To mark the 70th anniversary of VJ Day this weekend, MICHELLE TOMPKINS checks out a special wartime menu

MY late nan used to tell me tales of culinary hardship during WWII — cakes made without eggs, meat the size of a matchbox to feed the whole family, and (most unimaginable of all) sweets rationed to only once a month.

But after a visit to the Cold Harbour to sample its Kitchen Front menu — devised to commemorate the 70th anniversary of VJ Day this weekend — I suspect my sweet little nan might have been telling me fibs.

Because there’s nothing remotely lacking in this pub’s imaginative and mouthwatering line-up, and I certainly didn’t leave feeling hungry or deprived in any way.

If this is wartime eating, I can see why we scored victory in Japan in the first place.

Of course, the menu isn’t strictly what our grandparents were eating during the war years, rather a commemorative range of dishes to mark an important milestone.

Chef and Brewer, which owns the Cold Harbour, doesn’t claim authenticity, merely that the month-long menu is there to ‘celebrate the culinary delights of the 1940s with a thoroughly modern twist’.

For starters, there’s a choice of duck egg and asparagus soldiers (£5.29), or Tommy’s pea, mint and bacon soup (£3.69), and I went for the latter.

The vivid green soup was a vision to look at and even better to taste, with the salty bacon cutting perfectly through the delicate pea flavour. It was steaming hot too, just how I like it — hot enough to blister the roof of my mouth as I slurped it down greedily.

There are six main courses to choose from, from Dame Vera Dover sole (£15.99) to Cannon of Beef and Lord Woolton Pie (£16.99), cooked in a generous splosh of Spitfire Ale, but my eye was caught by a childhood favourite, Keep Calm and Corned Beef (£9.99), a dish which my old nan passed down from her own wartime years.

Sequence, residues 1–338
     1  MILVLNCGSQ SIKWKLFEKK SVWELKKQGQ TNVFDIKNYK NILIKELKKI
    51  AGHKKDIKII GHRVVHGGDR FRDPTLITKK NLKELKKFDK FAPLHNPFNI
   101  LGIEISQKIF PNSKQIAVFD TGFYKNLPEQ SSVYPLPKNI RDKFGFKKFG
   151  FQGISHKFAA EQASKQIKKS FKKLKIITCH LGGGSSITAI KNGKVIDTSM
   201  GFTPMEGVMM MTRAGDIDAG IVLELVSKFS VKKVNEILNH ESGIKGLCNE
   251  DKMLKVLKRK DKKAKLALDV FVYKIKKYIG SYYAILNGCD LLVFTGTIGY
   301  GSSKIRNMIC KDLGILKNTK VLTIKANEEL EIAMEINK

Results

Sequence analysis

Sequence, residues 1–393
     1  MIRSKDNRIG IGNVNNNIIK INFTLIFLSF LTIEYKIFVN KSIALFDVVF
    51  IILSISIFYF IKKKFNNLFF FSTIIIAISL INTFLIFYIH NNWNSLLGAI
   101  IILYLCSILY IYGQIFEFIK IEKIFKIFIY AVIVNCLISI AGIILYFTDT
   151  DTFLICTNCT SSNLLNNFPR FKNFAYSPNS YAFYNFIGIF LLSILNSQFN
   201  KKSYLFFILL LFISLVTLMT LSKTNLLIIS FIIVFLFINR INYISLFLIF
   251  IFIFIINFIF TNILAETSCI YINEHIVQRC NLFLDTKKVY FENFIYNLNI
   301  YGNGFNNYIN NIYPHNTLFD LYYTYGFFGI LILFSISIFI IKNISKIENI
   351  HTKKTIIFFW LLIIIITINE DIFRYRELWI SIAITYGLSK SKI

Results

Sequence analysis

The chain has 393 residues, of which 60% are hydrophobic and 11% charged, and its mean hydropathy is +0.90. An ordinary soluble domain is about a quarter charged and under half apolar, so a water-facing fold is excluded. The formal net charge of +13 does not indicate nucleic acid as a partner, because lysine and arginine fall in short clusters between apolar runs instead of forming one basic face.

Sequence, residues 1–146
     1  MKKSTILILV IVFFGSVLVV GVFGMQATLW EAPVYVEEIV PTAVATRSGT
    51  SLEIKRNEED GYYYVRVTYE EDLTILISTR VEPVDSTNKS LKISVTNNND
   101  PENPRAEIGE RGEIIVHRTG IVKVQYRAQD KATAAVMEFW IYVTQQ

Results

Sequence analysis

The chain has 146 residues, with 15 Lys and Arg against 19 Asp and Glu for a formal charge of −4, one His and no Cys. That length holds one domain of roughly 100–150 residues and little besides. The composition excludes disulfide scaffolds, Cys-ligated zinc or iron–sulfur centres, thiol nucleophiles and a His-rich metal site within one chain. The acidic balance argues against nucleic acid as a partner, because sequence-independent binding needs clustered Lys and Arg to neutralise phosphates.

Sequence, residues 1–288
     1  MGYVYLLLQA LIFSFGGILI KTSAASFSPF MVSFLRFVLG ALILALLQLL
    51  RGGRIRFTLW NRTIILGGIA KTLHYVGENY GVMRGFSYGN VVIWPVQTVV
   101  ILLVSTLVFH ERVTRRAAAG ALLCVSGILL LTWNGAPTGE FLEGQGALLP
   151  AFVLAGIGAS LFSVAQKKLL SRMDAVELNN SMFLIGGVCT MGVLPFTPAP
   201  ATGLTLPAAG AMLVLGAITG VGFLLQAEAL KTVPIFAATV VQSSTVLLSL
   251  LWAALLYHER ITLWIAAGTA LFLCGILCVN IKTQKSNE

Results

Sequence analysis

A posh version of corned beef hash, the meat was combined with pickled cabbage and cheese and shaped into croquettes to be fried. They were sat on a bed of roasted new potatoes, mixed beans and barbecued pulled pork, which might sound odd but actually gave a wonderfully tangy blend of flavours and textures. A poached egg sat on top of the lot, which would have added a sauce of sorts, had it not been over-poached and a little hard.

One big plateful of carbs and protein, it was probably lacking in some greenery on the side, but was incredibly filling and I struggled to finish it off. Cue a ticking off from granny.

Cinder toffee cheesecake (£4.99) and treacle tart (£4.79) are the choices for dessert, but my stomach was too full to contemplate either.

Neither could I manage to sample the Marston’s Help for Heroes Blonde Ale or the Hooper’s Dandelion and Burdock, which are recommended for washing the themed menu down with. But I did sip at a delicious glass of cabernet shiraz (£5.29) — my own modern twist on the 70-year-old menu.

My partner opted for a strictly 21st century meal by ordering from the pub’s regular selection.

Spiced breaded chicken (£4.49), not dissimilar to that mass produced by a certain Colonel, was his starter, which came with a garlic and rosemary mayonnaise, followed by the Chicken Makhani Tiffin box (£11.99), a stack of metal boxes offering a chicken tikka curry, black lentil dhal and yellow rice, served with garlic and coriander naan, a poppadum and dips. The dhal was singled out for special praise, but it all disappeared at great speed and was described as “the perfect pub choice”.

It was a Thursday night when we visited and the place was reassuringly busy — booking is probably best if you want to guarantee a seat.

I suggest you pop in this weekend and raise a glass to all those grannies and grandads, mums and dads, aunts and uncles who sacrificed so much during the war years. And thank them for being so jolly well ingenious with what little food they had.